The man responsible for helping put away two dozen Chicago crime figures in the 1980s and 1990s says he remembers Rod Blagojevich from those days -- and he says the Illinois governor is a former bookie.
Robert Cooley, a mob attorney who voluntarily turned informant for the FBI in the mid 1980s, says Blagojevich regularly paid the Chicago mob to operate his sports betting ring.
"I observed Rod, the present governor, who was running a gambling operation out in the Western suburbs. He was paying street tax to the mob out there," Cooley said in a Web interview that aired on Chicago's ABC7. He said Blagojevich paid convicted illegal gambling operator Robert "Bobby the Boxer" Abbinanti directly.
Cooley wore a recording device for three years while working with federal prosecutors in Operation GAMBAT. Prosecutors brought nine federal trials and won convictions or guilty pleas for 24 people.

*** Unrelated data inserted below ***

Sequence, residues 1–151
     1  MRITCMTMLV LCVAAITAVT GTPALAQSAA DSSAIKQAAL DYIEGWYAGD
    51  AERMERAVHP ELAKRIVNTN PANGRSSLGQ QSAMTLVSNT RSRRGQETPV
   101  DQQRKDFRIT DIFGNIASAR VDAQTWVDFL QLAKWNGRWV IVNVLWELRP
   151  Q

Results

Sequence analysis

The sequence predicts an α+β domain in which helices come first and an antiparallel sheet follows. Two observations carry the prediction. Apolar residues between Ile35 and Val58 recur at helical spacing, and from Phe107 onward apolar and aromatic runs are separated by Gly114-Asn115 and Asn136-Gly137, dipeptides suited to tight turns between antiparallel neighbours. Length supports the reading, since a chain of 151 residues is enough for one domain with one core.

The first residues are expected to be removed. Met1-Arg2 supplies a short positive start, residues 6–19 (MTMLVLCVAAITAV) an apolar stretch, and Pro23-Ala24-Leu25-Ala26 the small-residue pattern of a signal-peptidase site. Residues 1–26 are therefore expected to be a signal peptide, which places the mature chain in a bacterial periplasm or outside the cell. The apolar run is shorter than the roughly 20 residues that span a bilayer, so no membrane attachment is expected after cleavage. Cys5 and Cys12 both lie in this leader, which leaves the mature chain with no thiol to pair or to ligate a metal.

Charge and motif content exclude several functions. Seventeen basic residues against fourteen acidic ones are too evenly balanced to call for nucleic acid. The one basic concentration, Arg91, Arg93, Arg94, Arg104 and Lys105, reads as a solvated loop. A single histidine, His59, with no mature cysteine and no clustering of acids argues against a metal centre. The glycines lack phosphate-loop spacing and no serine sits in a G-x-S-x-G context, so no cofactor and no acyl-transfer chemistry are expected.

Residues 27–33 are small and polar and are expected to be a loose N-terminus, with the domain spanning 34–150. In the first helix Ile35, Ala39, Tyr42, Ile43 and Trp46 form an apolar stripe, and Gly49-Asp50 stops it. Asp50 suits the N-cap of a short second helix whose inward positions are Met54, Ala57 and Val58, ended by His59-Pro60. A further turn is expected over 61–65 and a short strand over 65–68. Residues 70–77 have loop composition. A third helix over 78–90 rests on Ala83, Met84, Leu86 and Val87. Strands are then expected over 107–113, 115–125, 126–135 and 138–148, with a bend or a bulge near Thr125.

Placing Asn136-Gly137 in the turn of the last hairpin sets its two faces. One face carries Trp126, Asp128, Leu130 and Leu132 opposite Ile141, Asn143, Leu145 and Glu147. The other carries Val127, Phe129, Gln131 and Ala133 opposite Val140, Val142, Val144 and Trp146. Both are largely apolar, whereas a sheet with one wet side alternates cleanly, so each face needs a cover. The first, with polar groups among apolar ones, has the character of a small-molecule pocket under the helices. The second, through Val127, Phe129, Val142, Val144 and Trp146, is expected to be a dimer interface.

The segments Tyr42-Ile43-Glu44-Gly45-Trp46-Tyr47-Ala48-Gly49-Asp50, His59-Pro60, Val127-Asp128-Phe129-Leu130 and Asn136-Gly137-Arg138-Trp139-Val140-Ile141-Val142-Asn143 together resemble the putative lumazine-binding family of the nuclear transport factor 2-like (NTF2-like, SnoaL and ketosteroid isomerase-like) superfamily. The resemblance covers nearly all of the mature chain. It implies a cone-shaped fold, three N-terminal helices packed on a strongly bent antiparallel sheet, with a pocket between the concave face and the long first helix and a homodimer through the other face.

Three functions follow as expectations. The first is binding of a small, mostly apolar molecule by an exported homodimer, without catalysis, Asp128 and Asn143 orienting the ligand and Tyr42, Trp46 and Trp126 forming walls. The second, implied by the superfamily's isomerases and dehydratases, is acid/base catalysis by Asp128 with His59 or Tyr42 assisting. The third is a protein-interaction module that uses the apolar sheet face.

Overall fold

In 2004, Cooley published a book about his adventures in which he mentioned one of his chief rivals in federal court -- defense attorney Ed Genson, who is currently defending Blagojevich and appeared before a House panel on Wednesday to argue against evidence being submitted in a potential impeachment trial.
On his Web site, Cooley prominently quotes Genson calling Cooley "a paragon of corruption" and "walking slime."
Cooley said he predicted when Blagojevich was made governor that he would be selling official positions. The ABC affiliate reported that Cooley had previously told it that Blagojevich was a former bookie, but the affiliate did not air the claim because Cooley refused to be identified and Blagojevich denied the story.